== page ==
AMC 10/12

How the class is planned

The class will cover topics of algebra, geometry, counting & probility and number theory.

Counting & probility is either missed in high school math or is taught in a shallow way, like a dragonfly touching the water surface. We teach probability and count in more profound way for AMC + AIME problems.

We plan to do significant work on geometry since students’ ability to solve medium to difficult geometry problems plays a crucial factor for them to be able to pass AMC or AMC + AIME or not.

Every week students get two problem sets as homework: one full set of AMC (25 multiple-choice) and another problem set of current or recent topics. By this way, for each topic, students will see this type of problems in 3-4 weeks and accumulate their knowledge, problem solving skills, and proficiency level on the topic.

On the way, we help students to develop trial, fearless spirit: try whatever they can think about to tackle a given problem. Roughly for students who do all assignments, fully understand our class materials and be able to use them to solve AMC and AIME problems, they significantly raise their chance to pass AMC, even to pass AIME.

Teacher Introduction

Mr. Felix Huang has taught math, computer science, and physics to high school students in learning centers in the Bay Area for over 10 years. He has helped many students pass the AMC 10, 12, and AIME. He also helped several students to advance on USACO Bronze, Silver, Gold to Platinum. He is passionate about helping students overcome their barriers and reach challenging goals. He helped students gain profound understanding on these subjects. He works as software engineer in multiple areas including Java, C++, Python programming, backend data, and optimization problems. As background, he received a M.S. in Math from U of Washington, M.S. in Computer Science from U of Arizona, and a B.S. in Math from National Taiwan University.

2022 Summer-Fall AMC 10/12 & AIME Course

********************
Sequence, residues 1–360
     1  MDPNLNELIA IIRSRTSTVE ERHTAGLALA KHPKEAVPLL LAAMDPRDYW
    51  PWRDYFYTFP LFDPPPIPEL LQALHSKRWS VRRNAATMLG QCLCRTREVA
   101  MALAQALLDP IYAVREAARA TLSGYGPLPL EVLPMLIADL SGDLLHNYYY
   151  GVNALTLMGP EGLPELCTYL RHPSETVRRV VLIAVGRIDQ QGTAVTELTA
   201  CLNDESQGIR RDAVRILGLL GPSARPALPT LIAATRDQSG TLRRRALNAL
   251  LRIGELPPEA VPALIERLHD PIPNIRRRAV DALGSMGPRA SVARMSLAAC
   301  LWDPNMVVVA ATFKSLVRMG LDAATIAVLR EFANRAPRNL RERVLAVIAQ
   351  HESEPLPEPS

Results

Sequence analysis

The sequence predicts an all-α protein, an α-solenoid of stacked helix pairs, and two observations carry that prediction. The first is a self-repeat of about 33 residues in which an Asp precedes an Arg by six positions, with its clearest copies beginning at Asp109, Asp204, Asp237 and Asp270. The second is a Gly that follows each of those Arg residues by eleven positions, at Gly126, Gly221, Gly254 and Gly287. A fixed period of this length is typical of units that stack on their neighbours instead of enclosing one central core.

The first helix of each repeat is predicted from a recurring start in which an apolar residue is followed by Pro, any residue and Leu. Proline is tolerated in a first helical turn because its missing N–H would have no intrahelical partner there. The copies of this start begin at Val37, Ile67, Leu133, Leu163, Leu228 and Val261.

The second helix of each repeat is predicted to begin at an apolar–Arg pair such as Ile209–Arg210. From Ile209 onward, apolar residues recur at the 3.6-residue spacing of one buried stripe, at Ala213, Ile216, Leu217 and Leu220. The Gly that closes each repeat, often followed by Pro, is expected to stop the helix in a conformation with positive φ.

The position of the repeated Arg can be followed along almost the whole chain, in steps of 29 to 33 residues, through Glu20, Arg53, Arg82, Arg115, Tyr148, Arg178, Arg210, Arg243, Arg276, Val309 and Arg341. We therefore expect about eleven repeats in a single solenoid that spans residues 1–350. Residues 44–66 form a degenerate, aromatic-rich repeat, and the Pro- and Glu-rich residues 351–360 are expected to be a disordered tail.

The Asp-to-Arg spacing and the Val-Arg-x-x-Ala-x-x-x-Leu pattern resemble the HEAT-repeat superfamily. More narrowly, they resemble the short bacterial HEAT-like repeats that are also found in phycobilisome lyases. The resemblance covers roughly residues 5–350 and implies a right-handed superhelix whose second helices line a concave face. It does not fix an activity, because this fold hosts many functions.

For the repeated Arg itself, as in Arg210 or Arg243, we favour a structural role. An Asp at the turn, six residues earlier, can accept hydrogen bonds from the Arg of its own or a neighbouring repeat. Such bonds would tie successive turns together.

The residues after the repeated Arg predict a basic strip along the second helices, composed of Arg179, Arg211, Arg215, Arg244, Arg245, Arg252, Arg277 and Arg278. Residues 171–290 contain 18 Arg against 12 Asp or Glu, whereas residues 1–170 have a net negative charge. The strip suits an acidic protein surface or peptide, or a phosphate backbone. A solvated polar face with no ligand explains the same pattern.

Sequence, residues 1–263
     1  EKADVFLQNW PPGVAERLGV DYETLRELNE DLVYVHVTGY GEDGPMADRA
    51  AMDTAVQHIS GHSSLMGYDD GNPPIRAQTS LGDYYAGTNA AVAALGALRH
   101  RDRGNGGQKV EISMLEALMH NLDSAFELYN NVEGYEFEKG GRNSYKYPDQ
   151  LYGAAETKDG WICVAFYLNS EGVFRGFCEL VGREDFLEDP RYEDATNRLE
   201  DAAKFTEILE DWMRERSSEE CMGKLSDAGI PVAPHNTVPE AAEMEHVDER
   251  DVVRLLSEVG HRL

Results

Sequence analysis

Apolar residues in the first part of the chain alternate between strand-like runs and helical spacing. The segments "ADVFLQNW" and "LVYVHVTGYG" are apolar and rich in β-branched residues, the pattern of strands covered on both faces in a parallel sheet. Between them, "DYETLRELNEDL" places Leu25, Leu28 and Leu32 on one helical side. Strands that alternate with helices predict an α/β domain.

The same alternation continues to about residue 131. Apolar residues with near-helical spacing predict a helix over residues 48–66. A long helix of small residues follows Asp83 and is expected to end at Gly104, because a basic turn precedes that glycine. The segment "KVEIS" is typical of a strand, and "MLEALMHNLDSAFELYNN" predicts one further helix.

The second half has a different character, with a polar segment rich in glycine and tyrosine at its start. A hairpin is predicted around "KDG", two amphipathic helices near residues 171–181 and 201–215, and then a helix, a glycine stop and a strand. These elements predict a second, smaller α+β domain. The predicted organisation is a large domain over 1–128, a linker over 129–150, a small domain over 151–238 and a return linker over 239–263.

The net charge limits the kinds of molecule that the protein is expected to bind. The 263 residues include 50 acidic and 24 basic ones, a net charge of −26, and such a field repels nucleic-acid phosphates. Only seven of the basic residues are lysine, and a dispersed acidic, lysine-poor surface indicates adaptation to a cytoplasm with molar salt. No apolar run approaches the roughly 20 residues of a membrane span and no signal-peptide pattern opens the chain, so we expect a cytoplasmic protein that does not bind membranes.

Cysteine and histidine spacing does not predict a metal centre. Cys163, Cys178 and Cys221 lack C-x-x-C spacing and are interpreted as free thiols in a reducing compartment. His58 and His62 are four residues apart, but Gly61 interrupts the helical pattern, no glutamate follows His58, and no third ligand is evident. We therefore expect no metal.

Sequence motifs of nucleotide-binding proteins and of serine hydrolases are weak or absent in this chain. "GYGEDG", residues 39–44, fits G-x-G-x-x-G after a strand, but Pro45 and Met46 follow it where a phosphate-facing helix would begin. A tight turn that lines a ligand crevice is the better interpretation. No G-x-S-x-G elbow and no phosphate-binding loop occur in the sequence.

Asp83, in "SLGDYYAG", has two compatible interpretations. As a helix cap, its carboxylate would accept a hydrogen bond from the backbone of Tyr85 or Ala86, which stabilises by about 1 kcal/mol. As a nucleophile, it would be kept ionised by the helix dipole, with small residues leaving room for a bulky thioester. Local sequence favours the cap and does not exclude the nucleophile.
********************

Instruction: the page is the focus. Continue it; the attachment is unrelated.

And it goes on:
Class Outline  

This class covers essential topics in AMC 10, 12, and AIME in more profound way. Most  examples and problems in weekly assignments will be actual AMC and AIME problems in the  past: roughly 85% AMC and 15% AIME. Every week students get homework and in next class,  we will fully discuss these problems in weekly assignment, and then continue to review new  topics.  

Three books listed in the curriculum provide additional materials for students to study, and they  are optional. Students are expected to do weekly assignments.  

We encourage group discussion in class.  

Class 1  

 Integer equations  

 Quadratic functions  

 Vieta’s formula  

 Fundamental theorem of algebra  

 Geometry: Similar triangles  

 Similar shapes  

 Probability and count: two commonly-used approaches  

Class 2 

 Multiplication and addition principles  

 Permutation and combination  

 Binomial theorem  

 Pigeon-hole principle  

 Venn Diagram  

Class 3  

 Probability and count: Recursion  

 Exponents and Log  

 Function and inverse function  

 Polynomial remainder  

 Sequence and series  

 Arithmetic and geometric sequences  

Class 4 

 Recursive sequences  

 Sequence and inequality  

 Linear functions  

 Algebraic identities and equivalent transformations   Absolute value  

Class 5  

 Complex numbers  

 Complex plane, DeMorvre theorem  

 Triangles  

 Similar and congruent triangles, Triangle inequalities   Ratio of areas of triangles  

 Similar shapes  

Class 6  

 Medians and centroid  

 Angle bisectors and in-center  

 Perpendicular bisectors and circum-center   Triangle areas (7 approaches)  

 Circles  

 Tangent lines  

Class 7 

 Inscribed angles  

 Power theorem  

 External secant theorem  

 Circular sectors  

 Parallel lines  

 Tangent circles  

Class 8  

 Polygon and angles  

 Quadrilaterals, Rhombus, Rectangles, Squares   Circles and polygon  

 Ptolemy’s theorem  

 Shoelace theorem  

 Pick’s theorem  

Class 9  

 3D geometry  

 Euler’s formula  

 Trigonometry  

 Trig identity  

 New period and starting point  

 Trig equation  

Class 10  

 Polar coordinates  

 Inverse trig functions  

 Cos law, sin law  

 Stewart theorem  

 Analytic geometry  

Class 11  

 2D, 3D distance  

 Point-line distance, point-plane distance   Vectors, Inner product, Angle theorem   Lines and vectors  

 Vectors and matrices  

 Rotation  

Class 12 

 Number theory  

 Even and odd numbers  

 Integer remainder  

 Prime factorization  

 Number of divisors  

 GCD and LCM  

Class 13  

 Diophantine equation  

 Absolute value  

 Statistics, mean, median, modes   Arithmetic and geometric means   Basic algebra formulas  

Class 14  

 Floor function  

 Proportion and application problems   Direct and inverse relations  

 Function domain and range  

 Inverse function  

Class 15  

 Polynomial remainder  

 Descarte’s rule  

 Graphs of functions  

 Composition of functions  

 Graph theory  

Class 16  

 Euler path, Euler cycle  

 Inequalities  

 Comprehensive review  

Class 17  

 Application problems  

 Comprehensive review  

Class 18 

 AIME problems  

 Comprehensive review  

Class 19  

 AIME problems  

 Comprehensive review  

Class 20  

 AIME problems  

 Comprehensive review  

Three books:  

  1. First Steps for Math Olympians by J. Douglas Faires